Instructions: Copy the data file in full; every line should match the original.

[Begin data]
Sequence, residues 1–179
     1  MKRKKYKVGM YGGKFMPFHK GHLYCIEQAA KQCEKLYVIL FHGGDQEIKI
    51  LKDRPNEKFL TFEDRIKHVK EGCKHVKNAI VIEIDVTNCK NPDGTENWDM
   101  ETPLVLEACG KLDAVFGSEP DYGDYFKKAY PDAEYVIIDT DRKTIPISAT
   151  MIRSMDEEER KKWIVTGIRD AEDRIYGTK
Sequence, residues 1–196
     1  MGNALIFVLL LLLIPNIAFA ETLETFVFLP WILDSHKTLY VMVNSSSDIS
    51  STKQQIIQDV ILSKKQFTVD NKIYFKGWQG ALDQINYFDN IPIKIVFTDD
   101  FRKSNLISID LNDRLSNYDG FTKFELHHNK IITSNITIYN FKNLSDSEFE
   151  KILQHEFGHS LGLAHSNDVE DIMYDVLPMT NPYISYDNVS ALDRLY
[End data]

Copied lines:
Sequence, residues 1–179
     1  MKRKKYKVGM YGGKFMPFHK GHLYCIEQAA KQCEKLYVIL FHGGDQEIKI
    51  LKDRPNEKFL TFEDRIKHVK EGCKHVKNAI VIEIDVTNCK NPDGTENWDM
   101  ETPLVLEACG KLDAVFGSEP DYGDYFKKAY PDAEYVIIDT DRKTIPISAT
   151  MIRSMDEEER KKWIVTGIRD AEDRIYGTK
Sequence, residues 1–196
     1  MGNALIFVLL LLLIPNIAFA ETLETFVFLP WILDSHKTLY VMVNSSSDIS
    51  STKQQIIQDV ILSKKQFTVD NKIYFKGWQG ALDQINYFDN IPIKIVFTDD
   101  FRKSNLISID LNDRLSNYDG FTKFELHHNK IITSNITIYN FKNLSDSEFE
   151  KILQHEFGHS LGLAHSNDVE DIMYDVLPMT NPYISYDNVS ALDRLY